sailing in a lightning storm off coast-out of sight of land is a gas-- even with the lightning. the wind is incredible and the sailing is awesome.
rebel heart--some folks on boards actually have been/are in process of returning--and have some info worth reading-- but it seems those are the ones ignored---is really humorous to watch. we are only in port for a reason. those reasons eventually disappear-- faster for those who are truly leaving. is all good entertainment.
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Old 16-12-2010, 13:49   #14
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Interesting thread.

I recently described an experience where the adrenaline was pumping. I suggested and do feel that I didn't have time for fear in the sense of fear that overwhelms you. I think the adrenaline would be symptomatic of the fear but it had the desired effect of helping me operate in an elevated state; thinking faster, and reacting quicker.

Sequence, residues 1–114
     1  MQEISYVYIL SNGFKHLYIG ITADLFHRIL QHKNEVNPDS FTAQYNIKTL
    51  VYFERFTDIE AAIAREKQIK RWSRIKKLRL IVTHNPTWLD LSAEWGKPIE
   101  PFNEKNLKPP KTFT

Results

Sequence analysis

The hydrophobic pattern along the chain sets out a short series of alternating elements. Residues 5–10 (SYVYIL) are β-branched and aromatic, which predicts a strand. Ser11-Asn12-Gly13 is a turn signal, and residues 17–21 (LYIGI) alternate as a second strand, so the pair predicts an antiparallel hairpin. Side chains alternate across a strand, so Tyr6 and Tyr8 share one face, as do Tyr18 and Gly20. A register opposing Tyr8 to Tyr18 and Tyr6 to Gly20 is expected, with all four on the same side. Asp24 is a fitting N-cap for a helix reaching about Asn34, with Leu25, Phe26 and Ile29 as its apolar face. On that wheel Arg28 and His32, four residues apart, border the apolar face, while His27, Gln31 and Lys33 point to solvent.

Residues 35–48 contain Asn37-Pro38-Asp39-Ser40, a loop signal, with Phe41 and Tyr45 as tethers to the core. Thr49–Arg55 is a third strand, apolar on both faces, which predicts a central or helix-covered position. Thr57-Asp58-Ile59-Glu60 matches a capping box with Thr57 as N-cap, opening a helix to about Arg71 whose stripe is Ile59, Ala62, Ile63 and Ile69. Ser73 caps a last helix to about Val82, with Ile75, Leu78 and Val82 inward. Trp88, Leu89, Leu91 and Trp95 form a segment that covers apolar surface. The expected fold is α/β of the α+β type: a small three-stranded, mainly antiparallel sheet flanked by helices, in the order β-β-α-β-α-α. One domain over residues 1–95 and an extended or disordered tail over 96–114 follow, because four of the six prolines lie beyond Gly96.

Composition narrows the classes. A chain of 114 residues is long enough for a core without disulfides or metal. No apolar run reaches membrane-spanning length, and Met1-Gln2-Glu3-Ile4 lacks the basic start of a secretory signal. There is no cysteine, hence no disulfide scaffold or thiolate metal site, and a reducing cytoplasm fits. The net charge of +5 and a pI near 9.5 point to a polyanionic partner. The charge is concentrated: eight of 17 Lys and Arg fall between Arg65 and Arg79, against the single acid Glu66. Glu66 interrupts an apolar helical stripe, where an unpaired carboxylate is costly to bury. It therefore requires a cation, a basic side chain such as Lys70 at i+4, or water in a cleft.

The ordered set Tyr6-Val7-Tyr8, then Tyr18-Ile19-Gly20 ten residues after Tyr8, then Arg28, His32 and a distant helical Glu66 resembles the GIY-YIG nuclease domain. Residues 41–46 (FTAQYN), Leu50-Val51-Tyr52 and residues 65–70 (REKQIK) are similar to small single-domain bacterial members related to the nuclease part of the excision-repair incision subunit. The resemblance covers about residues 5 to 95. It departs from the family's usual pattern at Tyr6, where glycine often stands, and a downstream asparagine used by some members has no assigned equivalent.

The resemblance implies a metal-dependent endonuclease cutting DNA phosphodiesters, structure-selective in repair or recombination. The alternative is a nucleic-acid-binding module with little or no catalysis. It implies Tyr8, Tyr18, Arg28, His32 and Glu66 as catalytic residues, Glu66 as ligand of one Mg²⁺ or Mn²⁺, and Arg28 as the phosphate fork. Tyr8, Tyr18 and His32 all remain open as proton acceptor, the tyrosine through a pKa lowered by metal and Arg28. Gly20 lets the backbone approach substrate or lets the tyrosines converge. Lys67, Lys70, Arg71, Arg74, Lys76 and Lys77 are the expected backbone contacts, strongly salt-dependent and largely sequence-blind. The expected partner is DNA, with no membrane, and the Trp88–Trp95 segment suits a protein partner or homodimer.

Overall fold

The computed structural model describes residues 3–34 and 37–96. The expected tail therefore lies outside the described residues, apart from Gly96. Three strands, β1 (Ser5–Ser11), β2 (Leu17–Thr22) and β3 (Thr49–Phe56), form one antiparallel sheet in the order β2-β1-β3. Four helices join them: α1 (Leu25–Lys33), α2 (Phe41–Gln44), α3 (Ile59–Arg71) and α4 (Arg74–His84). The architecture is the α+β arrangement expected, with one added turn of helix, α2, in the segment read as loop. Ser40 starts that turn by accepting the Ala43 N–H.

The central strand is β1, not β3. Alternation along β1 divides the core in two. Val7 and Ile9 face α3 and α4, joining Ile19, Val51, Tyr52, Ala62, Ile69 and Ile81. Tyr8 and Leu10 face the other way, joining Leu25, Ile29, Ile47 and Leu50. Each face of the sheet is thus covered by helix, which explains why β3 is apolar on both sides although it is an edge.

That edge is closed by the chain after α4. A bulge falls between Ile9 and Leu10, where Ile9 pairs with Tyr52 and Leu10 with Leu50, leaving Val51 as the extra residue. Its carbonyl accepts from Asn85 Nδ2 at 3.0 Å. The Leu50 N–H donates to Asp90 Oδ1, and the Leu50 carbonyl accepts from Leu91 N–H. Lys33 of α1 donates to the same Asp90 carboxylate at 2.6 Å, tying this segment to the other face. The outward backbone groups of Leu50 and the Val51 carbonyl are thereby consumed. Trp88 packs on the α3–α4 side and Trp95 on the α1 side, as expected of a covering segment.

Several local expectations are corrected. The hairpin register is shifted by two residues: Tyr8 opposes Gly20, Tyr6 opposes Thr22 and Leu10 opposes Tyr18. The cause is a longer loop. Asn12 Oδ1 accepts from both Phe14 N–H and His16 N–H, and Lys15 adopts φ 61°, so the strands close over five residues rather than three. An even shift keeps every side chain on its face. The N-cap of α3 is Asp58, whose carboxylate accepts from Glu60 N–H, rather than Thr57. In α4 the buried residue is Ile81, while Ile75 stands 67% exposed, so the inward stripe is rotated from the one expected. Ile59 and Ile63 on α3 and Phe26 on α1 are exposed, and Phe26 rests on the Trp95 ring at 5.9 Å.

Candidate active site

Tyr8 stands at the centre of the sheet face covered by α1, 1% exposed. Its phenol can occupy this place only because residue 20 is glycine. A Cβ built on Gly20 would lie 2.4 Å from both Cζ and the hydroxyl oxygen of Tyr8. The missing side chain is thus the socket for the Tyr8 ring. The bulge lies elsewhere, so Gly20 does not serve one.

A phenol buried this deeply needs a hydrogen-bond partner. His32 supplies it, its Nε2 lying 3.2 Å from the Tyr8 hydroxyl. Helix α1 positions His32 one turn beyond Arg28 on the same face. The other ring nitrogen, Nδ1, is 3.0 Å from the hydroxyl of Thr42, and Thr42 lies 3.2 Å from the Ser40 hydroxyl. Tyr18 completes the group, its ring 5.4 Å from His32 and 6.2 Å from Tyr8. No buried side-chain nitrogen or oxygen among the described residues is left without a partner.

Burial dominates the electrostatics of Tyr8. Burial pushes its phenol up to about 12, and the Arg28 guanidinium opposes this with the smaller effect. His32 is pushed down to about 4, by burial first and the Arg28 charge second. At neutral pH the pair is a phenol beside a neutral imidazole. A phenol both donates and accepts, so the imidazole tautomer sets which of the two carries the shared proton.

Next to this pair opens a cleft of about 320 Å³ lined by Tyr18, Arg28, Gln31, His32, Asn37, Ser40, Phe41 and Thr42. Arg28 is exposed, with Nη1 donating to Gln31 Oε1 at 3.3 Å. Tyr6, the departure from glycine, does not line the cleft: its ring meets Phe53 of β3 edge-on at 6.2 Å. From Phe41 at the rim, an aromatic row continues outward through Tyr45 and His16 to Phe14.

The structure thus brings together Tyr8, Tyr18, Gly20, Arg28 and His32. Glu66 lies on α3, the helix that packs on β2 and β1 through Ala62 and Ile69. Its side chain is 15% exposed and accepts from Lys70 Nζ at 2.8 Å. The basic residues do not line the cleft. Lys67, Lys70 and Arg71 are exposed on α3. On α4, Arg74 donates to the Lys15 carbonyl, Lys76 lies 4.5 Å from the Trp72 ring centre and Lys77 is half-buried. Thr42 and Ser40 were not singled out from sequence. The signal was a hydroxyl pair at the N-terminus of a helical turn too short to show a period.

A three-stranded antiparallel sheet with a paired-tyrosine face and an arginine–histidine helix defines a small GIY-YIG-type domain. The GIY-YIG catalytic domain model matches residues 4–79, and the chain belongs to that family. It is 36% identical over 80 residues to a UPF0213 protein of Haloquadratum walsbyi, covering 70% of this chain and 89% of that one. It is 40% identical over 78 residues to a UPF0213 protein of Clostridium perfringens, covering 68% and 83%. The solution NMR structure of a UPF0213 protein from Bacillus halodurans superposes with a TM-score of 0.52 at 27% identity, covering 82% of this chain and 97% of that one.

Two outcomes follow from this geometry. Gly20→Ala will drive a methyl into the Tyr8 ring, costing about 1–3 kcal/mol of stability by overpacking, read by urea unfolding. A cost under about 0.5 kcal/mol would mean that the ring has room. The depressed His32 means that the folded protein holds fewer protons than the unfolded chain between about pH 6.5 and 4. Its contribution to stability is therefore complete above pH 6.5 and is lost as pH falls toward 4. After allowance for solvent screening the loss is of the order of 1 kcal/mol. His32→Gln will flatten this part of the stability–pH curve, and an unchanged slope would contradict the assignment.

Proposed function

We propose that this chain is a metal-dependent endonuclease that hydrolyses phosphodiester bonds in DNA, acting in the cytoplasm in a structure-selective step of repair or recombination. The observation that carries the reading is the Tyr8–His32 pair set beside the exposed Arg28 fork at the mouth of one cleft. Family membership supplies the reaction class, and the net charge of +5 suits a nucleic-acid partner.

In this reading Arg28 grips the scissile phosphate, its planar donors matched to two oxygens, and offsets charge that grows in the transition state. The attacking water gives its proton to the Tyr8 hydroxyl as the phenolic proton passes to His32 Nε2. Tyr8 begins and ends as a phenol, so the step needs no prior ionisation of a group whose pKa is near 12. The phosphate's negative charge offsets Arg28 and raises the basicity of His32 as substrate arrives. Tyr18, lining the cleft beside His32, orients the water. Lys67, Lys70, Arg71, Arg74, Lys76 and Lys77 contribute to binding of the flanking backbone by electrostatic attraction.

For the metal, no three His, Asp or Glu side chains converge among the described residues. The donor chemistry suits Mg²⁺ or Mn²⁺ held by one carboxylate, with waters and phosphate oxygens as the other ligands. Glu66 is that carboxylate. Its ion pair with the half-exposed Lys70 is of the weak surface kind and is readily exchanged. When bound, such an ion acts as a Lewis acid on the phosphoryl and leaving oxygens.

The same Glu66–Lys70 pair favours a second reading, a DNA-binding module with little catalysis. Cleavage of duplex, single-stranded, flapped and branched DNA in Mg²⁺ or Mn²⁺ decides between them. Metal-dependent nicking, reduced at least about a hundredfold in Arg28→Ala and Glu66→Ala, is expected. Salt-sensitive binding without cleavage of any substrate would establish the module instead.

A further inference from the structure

It seems many of us experience anxiety as part of the sailing experience. For me a new anchorage produces that sense as does most new challenges when I'm on the boat. I've noticed each success seems to reduce that feeling as confdence replaces anxiety.

On the other hand, and to me this is the important part, when I'm sailing on open water everything falls away and I am at peace with my world. I can stand at the helm for hours and watch the sea with hardly a thought in my mind. I come back to shore with an ear to ear grin.

For me it isn't the destination but the journey.
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Old 16-12-2010, 14:47   #15
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What? Me worry?

I'm really worried someone will buy the boat I have my eye on down in Florida.

Now THAT is fear!